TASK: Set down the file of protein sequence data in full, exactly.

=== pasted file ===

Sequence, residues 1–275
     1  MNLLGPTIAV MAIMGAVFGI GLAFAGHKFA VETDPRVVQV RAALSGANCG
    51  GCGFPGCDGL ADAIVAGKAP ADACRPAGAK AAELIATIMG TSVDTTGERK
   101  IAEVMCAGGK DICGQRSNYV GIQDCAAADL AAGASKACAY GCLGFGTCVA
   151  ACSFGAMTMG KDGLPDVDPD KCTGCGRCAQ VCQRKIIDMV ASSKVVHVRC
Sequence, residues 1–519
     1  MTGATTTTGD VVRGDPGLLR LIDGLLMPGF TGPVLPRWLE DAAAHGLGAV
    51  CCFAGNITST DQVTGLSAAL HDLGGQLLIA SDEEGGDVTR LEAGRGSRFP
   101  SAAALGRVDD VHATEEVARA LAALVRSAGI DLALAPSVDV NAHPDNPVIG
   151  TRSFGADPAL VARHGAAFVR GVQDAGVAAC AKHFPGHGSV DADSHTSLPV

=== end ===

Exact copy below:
Sequence, residues 1–275
     1  MNLLGPTIAV MAIMGAVFGI GLAFAGHKFA VETDPRVVQV RAALSGANCG
    51  GCGFPGCDGL ADAIVAGKAP ADACRPAGAK AAELIATIMG TSVDTTGERK
   101  IAEVMCAGGK DICGQRSNYV GIQDCAAADL AAGASKACAY GCLGFGTCVA
   151  ACSFGAMTMG KDGLPDVDPD KCTGCGRCAQ VCQRKIIDMV ASSKVVHVRC
Sequence, residues 1–519
     1  MTGATTTTGD VVRGDPGLLR LIDGLLMPGF TGPVLPRWLE DAAAHGLGAV
    51  CCFAGNITST DQVTGLSAAL HDLGGQLLIA SDEEGGDVTR LEAGRGSRFP
   101  SAAALGRVDD VHATEEVARA LAALVRSAGI DLALAPSVDV NAHPDNPVIG
   151  TRSFGADPAL VARHGAAFVR GVQDAGVAAC AKHFPGHGSV DADSHTSLPV